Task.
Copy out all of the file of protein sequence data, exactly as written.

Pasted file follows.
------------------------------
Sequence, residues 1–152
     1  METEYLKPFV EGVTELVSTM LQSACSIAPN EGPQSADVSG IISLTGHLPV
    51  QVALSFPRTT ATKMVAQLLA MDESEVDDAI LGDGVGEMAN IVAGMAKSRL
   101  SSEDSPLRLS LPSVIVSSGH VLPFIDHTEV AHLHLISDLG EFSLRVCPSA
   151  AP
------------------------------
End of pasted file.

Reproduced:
Sequence, residues 1–152
     1  METEYLKPFV EGVTELVSTM LQSACSIAPN EGPQSADVSG IISLTGHLPV
    51  QVALSFPRTT ATKMVAQLLA MDESEVDDAI LGDGVGEMAN IVAGMAKSRL
   101  SSEDSPLRLS LPSVIVSSGH VLPFIDHTEV AHLHLISDLG EFSLRVCPSA
   151  AP